Want to read more about my PhD research? Find it below…
Project title: Women and the World: Explorers from the Home during the Enlightenment in Britain
My research focusses on the collecting practices and educational activities of elite women within the eighteenth century British country house, and how they can be read as a reflection of and a stimulant to the Enlightenment.
I hate to hear you talking so, like a fine gentleman, and as if women were all fine ladies, instead of rational creatures. We none of us expect to be in smooth water all our days.
So said Jane Austen in her 1817 novel Persuasion, a view emphasised in all her novels that women could be writers of their own fate and indulge their desires for education through activities like reading. Her heroines could often be found in the British country house, where women had access to whole treasure troves of art, furniture and other objects. These objects are frequently detailed as being possessions of elite gentlemen, the Fitzwilliam Darcys, George Knightleys and Edmund Bertrams of real country house histories. Behind this, however, collecting could often be directed by women as a means to follow their own interests, desires for education and personal fulfilment. Account books, receipts and ledgers don’t tend to detail this female involvement, but the use of family papers can reveal this kind of input and detail the way women interacted with Enlightenment ideas in the country house.
The origins of my project lie in the public-facing aspects of the country house as a heritage site, which often do little to reveal female involvement and how women engaged with the space around them. I aim to move beyond the idea of the eighteenth century country house and their collections as the preserve of cultured, learned and important men and their adventures across continental Europe during the Grand Tour. Since the turn of the twenty-first century in particular, work focussing on the female impact within the country house has been gathering pace, as has women, Enlightenment and material culture. I hope to build upon this work in current historical thought through demonstrating that, despite often having to work within a different framework to men, that the country house could offer the perfect place for women to develop their thoughts, interests and understandings of the world within the age of Enlightenment.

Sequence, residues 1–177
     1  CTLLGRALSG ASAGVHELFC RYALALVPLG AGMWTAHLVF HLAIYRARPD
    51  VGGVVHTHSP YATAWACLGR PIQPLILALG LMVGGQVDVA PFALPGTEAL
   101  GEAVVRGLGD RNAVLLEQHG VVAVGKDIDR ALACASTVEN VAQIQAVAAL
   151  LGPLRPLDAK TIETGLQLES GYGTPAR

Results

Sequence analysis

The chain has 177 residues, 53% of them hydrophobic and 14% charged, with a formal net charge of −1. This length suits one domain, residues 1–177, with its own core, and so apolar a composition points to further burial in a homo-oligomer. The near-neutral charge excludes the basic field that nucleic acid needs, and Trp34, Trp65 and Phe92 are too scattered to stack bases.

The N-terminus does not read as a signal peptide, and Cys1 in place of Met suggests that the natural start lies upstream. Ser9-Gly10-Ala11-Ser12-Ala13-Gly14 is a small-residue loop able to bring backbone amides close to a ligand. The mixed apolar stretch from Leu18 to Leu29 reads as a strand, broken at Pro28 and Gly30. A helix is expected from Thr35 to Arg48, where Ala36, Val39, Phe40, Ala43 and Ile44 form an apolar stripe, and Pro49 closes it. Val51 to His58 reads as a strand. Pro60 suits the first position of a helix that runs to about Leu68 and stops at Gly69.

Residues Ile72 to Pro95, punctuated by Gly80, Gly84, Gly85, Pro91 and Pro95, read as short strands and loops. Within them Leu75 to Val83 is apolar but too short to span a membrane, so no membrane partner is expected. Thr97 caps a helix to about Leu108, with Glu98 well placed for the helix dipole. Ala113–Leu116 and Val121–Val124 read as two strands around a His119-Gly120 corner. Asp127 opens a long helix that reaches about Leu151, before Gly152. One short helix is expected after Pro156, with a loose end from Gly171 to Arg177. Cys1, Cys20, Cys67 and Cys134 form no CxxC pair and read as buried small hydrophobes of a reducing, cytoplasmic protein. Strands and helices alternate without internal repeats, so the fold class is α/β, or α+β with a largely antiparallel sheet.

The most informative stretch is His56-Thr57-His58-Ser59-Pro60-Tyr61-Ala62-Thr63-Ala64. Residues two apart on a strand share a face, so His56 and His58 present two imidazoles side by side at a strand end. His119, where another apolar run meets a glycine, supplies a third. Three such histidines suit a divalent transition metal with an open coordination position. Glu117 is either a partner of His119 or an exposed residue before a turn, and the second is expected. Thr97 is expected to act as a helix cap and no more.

My research questions focus on the purpose of elite women’s collections, their collecting methodologies, how they presented and displayed their collections, and finally, how they kept their records and wrote about their collections. By looking at object biographies and engaging with museum collections, it will highlight how curatorship of these collections and movement of objects can obscure and reveal particular stories and provenances. Country houses are visited by thousands each year and I hope that the case studies I use will allow for the relevant institutions and historic houses to further engage with women’s history and the cross-cultural and intellectual exchange these women fostered through collecting in the curating of their exhibitions and displays.
Supervision: Dr Amanda Capern (University of Hull), Prof Jessica Malay (University of Huddersfield), Dr Briony McDonagh (University of Hull)
I am supported by an AHRC Heritage Consortium scholarship and am a part of the Gender, Place and Memory Research Cluster at the University of Hull.